1. It was several weeks before Harper was able to start breastfeeding, and even then she didn’t take much milk. The first thing I did after being discharged from the hospital (besides going to see my baby girl) was rent a hospital grade pump. It was recommended by my lactation consultant to establish and keep up my supply while exclusively pumping. I used a Medela Symphony. They had some available for use at the hospital, but I needed one to keep at home as well. I already owned a Medela Pump in Style, which I kept in Harper’s cubicle at the hospital to make pumping a little more convenient (that way I didn’t need to worry if all the hospital pumps were in use). The hospital where I delivered and the NICU both supplied me with extra pump accessories. This is so important because it cuts back on how many times you have to wash and sterilize the pump parts.

2. Since I was hooking myself up to my pump every few hours, making it as easy as possible was imperative (for my sanity). By using this Easy Expressions bustier, I was able to use my hands to surf the web, check my social media, read, write thank yous, etc. Being able to do something to pass the time made pumping *slightly* more palatable. By the way, I got mine in white so I could bleach the milk stains out of it.

3. Harper didn’t start bottle feeding until about the last week she was there, and the NICU provided her first bottle. However, they recommended Dr. Brown’s bottles with a preemie flow nipple. Preemies are more prone to reflux, and Dr. Brown’s bottles are good for reducing that as much as possible. We had used Avent bottles with Noah (and use them now with Harper), but in the beginning, the Dr. Browns bottle were great. Even if you plan on exclusively feeding your baby breastmilk, you will still need to fortify some of the breastmilk with formula and give it by bottle.

4. A cooler bag with an ice pack is a must-have for transporting breastmilk from home to the hospital. The NICU provided a decent-sized Medela one, but having a cute one makes it a little more enjoyable, plus it can double as a lunchbag or daycare bottle bag later. As far as milk storage goes, the NICU provided me with small plastic bottles called snappies to store my milk in, along with labels to record the date and time. Preemies don’t need much milk compared to what you are pumping, so make use of the NICU’s freezer to store it. I ended up donating quite a bit of mine to Mother’s Milk Bank since there was no way Harper could use it all before it expired.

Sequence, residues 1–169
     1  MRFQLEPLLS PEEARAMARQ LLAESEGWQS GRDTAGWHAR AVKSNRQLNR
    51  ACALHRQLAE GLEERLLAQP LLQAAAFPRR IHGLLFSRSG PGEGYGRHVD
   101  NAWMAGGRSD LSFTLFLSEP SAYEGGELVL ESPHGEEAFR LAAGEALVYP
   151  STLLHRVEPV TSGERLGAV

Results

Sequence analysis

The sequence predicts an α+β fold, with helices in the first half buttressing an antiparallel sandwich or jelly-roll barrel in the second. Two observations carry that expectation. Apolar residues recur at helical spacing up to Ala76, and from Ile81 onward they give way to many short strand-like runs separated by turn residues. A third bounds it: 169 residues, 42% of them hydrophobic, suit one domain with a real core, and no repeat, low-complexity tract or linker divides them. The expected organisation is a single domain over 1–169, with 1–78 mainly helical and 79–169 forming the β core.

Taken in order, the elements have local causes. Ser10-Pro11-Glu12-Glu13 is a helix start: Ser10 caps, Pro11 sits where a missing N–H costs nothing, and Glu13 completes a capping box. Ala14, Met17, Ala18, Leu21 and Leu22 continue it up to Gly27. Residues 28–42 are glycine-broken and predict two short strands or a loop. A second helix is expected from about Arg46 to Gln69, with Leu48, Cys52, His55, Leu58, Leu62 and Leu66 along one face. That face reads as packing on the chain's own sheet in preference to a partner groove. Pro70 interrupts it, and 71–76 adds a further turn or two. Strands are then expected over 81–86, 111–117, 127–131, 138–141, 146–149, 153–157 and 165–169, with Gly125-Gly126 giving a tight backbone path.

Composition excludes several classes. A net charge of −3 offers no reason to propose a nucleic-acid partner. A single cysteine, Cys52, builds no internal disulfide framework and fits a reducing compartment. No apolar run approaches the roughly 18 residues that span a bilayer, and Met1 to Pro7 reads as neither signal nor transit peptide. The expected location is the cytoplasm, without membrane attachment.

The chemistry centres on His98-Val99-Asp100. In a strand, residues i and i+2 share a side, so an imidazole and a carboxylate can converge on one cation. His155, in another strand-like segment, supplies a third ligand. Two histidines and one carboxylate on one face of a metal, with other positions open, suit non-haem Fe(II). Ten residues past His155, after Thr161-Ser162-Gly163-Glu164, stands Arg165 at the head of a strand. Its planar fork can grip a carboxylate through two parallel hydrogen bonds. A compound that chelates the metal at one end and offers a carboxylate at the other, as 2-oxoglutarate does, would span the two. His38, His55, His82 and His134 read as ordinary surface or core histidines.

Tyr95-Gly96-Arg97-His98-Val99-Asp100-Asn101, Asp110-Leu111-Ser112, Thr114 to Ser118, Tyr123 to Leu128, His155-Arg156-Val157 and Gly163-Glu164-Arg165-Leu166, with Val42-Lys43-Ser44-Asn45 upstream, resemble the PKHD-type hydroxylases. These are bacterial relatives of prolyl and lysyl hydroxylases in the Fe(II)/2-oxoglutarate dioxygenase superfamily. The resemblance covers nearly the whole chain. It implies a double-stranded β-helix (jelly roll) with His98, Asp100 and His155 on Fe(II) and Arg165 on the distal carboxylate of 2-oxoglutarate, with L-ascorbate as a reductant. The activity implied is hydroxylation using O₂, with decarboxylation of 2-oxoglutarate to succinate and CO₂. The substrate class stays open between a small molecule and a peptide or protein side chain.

5. Sterilizing pump parts is a must. I quickly learned how important being sanitary was to protect a vulnerable preemie from germs and sickness. I washed and sterilized my pump parts after every use. At home I used my Avent microwave steam sterilizer (super easy to use), but when on the go I used a Medela microwave steam bag. The NICU provided a couple of the Medela bags, and they are reusable up to 20 times.

6. I checked out several books about preemies from my local library, and found The Preemie Primer to be the most helpful one. The author, Jennifer Gunter, is an OB-GYN who delivered her triplets at 22 and 26 weeks, and gives a lot of insight to the healthcare system and explains a lot about the health and development of a preemie.

7. Between the frequent pumping, practicing nursing, and the kangaroo care, being comfortable is a must. These Basic Stella nursing bras are so comfy, and easy to slip on and off for pumping. These Be Maternity camisoles from Target were awesome for kangaroo care. I would actually lay Harper on my chest and then pull the camisole over her to keep her warm and snug. As an added bonus, they are really smooth to the touch, which made infant massage a lot easier during her developmental therapy sessions.. I had three from my maternity wardrobe, and always kept one at the hospital.

8. A journal or notebook was handy to have. I kept a daily log of Harper’s progress, including weight gain and other milestones. I also used it to jot down other thoughts and record her birth story while it was still fresh in my memory.

9. It was awhile before Harper could wear preemie clothing. They had little kimono style jackets they would put on her. This was due in part to her small size and also because she had to have a stable temperature before she could wear clothes. The NICU had a lot of preemie outfits, but I also brought a few from home because I was excited to dress my little girl. Ideally the clothing should have snaps and open feet to accommodate all the leads and the pulse-ox on baby’s foot. I also didn’t like slipping anything over her head because we had to remove her oxygen cannula each time. Hats help keep baby warm (plus they’re super cute). Toward the end of Harper’s stay they started using sleep sacks instead of all the NICU bedding. I got Harper a preemie sized Halo swaddle sleep sack to use at home. Swaddling helps give preemies containment that makes them feel safe, and keeps their limbs in a more flexed position at midline, like they would have been in utero.

10. Staying hydrated is a must when nursing, and the NICU only allowed closed/covered drink containers. They also had an ice and water machine, which I made good use of, but I would take my favorite cocktail of ginger ale and cranberry juice in an insulated tumbler.